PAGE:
The experience seems to have worked. While not an exemplary student, young Clarence graduated in 1932, along the way nearly making the US Olympic team for the 1932 Olympics as a marksman. His announced plan at graduation was to attend the University of Chicago, where he intended to study political science. Instead, he worked in odd jobs until he was employed at Western Electric in Chicago, working there for several years. In 1938, he enlisted in the US Naval Reserve, and in 1939, was finally accepted for training as a member of the Michigan State Police. In letters to the Commissioner of the Michigan State Police, COL Oscar Olander, in the early 1930's, he expressed a serious interest in police work; he even reminded the Commissioner of his close friendship with Dr. SPAWR.

State Police Trooper Clarence Valentine SPAWR Jr. served in his new capacity until his reserve unit was called up for service in World War II. Instead of going to war with his Naval Reserve unit, he joined an Army ordnance unit, accepting the rank of Technical Sergeant. Not long before leaving for the war, he married Jane Hall of St. Joseph, MI. Apparently the marriage was a major social event in the twin cities. The couple was married in the fall of 1941, but it wasn't long before the new husband departed for military training and overseas deployment; he left with his unit for North Africa in the autumn of 1942.

The young marriage resulted in the birth of a daughter, Jane, in January 1943. Unfortunately, before he returned in November 1945, his young wife had filed for divorce. My father never met or saw his young daughter. He died in 1980 without ever seeing her. My mother, Jane Marie WEYER, recalled one day in the 1950's, when my father signed the papers approving his daughter's adoption by her step-father; however, neither of my parents would ever discuss the matter further.

It was not until late 1999 that his daughter Jane was reunited with her siblings from Clarence Spawr's second marriage (described below). Interestingly, Clarence Spawr's two families knew vaguely of each other, but had virtually no information to use to find each other. Finally, in early November 1999, Jane (SPAWR) Barbour found her brothers and sisters through this webpage on the Internet. The reunions were wonderful, but also short-lived; my half-sister Jane cut off all contact, and moved to South Carolina. Neither or nor my siblings have heard from her or her children in many years. We were for at least a brief while united...our father would be very proud and happy for that, of only for a brief time.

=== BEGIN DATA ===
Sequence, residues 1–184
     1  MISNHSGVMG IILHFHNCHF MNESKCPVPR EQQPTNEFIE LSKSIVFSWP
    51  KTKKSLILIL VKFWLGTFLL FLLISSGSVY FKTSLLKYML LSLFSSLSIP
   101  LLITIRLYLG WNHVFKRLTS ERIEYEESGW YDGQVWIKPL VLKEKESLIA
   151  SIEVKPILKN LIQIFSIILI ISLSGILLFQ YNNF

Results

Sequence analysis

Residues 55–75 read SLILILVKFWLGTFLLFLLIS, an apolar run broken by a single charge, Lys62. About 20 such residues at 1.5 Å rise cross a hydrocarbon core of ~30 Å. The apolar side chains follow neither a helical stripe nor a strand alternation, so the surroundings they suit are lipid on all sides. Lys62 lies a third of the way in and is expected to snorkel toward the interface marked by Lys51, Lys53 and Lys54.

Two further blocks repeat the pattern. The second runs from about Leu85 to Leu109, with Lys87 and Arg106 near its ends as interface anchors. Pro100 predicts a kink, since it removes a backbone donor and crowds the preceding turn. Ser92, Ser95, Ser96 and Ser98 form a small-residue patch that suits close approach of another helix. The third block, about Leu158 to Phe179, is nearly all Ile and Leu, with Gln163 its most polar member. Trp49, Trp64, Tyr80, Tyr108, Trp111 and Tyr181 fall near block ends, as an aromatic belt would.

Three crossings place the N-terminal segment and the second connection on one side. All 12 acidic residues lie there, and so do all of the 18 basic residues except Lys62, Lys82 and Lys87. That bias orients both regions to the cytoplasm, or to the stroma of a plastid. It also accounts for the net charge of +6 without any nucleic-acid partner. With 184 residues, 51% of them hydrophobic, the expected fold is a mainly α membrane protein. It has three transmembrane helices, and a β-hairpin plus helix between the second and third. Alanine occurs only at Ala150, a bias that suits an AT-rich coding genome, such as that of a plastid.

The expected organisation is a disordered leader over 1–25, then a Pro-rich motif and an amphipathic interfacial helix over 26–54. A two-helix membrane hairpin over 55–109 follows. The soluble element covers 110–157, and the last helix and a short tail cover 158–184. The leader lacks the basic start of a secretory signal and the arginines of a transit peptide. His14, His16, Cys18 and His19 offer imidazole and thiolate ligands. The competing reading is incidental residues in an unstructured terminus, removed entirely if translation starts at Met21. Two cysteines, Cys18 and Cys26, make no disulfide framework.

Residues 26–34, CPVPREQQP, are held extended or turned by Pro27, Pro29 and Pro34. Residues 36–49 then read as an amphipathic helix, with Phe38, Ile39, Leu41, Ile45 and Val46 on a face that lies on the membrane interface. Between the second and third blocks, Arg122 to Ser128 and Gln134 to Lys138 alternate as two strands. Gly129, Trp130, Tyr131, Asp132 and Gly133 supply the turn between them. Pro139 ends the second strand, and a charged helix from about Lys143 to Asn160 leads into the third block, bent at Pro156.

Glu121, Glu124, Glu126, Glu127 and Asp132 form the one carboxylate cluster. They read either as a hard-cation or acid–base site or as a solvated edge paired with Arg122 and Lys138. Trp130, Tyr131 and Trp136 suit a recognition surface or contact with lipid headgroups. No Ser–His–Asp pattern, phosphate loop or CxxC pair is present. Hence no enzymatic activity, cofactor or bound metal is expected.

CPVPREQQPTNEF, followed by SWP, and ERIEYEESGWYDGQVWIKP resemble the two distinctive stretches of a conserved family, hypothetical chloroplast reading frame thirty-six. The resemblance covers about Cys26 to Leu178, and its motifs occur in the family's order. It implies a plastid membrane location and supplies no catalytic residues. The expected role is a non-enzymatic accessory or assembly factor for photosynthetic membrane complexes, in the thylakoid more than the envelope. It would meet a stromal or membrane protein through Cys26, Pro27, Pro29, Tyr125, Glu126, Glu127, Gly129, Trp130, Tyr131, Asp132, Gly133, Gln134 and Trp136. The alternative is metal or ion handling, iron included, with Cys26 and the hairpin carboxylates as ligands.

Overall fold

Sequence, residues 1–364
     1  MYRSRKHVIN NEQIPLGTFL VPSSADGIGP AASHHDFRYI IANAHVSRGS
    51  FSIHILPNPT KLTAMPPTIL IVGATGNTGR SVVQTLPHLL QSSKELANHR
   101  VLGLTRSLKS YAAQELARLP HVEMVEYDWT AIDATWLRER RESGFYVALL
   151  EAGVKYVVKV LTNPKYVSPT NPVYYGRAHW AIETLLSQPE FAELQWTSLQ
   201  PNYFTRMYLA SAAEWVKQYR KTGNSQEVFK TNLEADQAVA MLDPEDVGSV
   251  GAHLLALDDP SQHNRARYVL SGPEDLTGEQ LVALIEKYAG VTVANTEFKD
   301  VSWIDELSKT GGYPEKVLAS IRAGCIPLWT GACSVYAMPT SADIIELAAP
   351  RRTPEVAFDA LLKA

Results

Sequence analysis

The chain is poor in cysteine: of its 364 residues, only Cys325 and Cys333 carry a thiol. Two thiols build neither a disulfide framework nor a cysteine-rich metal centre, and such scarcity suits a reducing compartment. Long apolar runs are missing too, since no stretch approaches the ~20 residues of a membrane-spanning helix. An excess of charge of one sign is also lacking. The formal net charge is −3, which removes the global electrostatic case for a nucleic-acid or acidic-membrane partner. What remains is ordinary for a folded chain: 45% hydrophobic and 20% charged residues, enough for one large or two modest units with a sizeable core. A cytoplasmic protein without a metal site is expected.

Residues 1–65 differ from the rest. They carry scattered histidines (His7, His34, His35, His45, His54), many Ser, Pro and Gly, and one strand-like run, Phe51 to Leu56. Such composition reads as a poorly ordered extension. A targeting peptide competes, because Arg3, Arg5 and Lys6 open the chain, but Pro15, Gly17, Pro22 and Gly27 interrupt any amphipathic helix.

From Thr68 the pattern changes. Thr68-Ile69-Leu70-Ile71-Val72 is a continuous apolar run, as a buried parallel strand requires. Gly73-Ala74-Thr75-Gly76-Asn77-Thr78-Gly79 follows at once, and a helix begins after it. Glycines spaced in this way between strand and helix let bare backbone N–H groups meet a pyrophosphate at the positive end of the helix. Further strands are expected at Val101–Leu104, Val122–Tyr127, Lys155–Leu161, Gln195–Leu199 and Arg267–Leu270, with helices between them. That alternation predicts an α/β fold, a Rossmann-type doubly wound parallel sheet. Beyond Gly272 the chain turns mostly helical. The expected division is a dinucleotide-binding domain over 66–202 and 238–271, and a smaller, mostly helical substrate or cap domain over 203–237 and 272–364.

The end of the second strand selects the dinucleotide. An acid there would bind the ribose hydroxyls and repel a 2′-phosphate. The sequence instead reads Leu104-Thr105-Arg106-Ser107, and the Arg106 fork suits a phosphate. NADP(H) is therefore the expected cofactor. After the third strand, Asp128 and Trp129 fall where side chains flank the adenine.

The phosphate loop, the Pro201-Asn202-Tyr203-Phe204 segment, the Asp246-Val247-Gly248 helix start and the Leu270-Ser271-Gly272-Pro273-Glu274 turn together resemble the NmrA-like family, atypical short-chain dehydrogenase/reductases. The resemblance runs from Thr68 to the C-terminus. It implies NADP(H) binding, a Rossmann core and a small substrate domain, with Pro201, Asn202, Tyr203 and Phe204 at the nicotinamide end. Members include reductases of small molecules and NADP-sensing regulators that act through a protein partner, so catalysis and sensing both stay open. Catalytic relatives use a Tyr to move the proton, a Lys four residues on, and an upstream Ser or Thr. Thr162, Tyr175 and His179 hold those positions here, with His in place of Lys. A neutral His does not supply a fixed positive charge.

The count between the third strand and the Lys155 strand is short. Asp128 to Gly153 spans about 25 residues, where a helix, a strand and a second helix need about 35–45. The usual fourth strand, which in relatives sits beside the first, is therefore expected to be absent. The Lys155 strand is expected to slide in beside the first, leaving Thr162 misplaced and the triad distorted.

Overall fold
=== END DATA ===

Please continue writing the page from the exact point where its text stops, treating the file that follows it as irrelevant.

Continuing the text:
Sergeant Clarence V. Spawr participated in the Allied invasion of North Africa in 1942, and also served in Sicily, Italy, France, and Germany. By the end of the war, he had been battlefield-commissioned as a Second Lieutenant, and was in charge of a Prisoner of War camp in France. He returned to America in late 1945, and resumed his career as a Trooper in the Michigan State Police. His initial duty station was at Jonesville, MI, but that was very short-lived; he was transferred in early 1946.

Stationed at the State Police post in Romeo, Michigan, he met and married Jane Marie Weyer in August 1946. They raised five children:

Clarence Valentine SPAWR III (1947-)
Lucy Anne (1948-)
Michael Lynn (1951-)
Sally Jo (1953-)
Kari Kay (1957)

Lieutenant Clarence Valentine SPAWR Jr., retired from the Michigan State Police in January 1965. In 1968, he retired from the Michigan National Guard with the rank of Lieutenant Colonel. He died suddenly in December 1980; our mother Jane died in December 1982. They were cremated and buried together in the SPAWR family plot at the Crystal Springs Cemetery in Benton Harbor, Michigan.

Moving toward the 21st Century

The last SPAWR with Valentine as part of the name is me. As a child, I was harassed by the name; even as an adult the ribbing was a long step beyond irritating. My Dad once told me that neither he nor his father had liked it either, that he had given me the name under pressure from his father: I guess everybody assumed it was part of his name because it was his father's name. Since Valentine L. SPAWR had died when his son was only a year old, there was nobody left to pass along the family history. Nobody seemed to know that there really was history behind the name.

The name Valentine in the SPAWR family goes back over 200 years, back to my great-great-great-great grandmother's maiden name...Anna Margaretta VALENTINE. It appears in almost every succeeding SPAWR generation down to and through my own. My own antipathy to the name was born of frustration and childhood taunting, and as a result, I did not pass the name...or the tradition...along to either of my sons. Now, in retrospect, I almost feel guilty at having inadvertently ended a 200+ year tradition. Had I been aware of the tradition, my attitude may have been different...maybe not. Oh well, life does go on.

The SPAWR lineage--and heritage--continue....my wife, Linda Sue (maiden name Cox) (1953-) and I were married on 31 December 1972 in the Alumni Memorial Chapel on the campus of Michigan State University in East Lansing, MI. We are raising two sons: Alexander Thomas Cox (1982-) and Ryan Christopher Cox (1984-). Alex's middle name "Thomas" was given in honor of Thomas J. SPAWR, who was killed in action during the Civil War in 1863 near Rolla, Missouri. I hope that one day their own family ancestral history will become as valuable and interesting to them as it is now to me, and help them to see themselves as I now see myself in a very special historical perspective.


To return to the SPAWR Family of American homepage, click here.

To return to the page describing Valentine L. SPAWR's life, click here.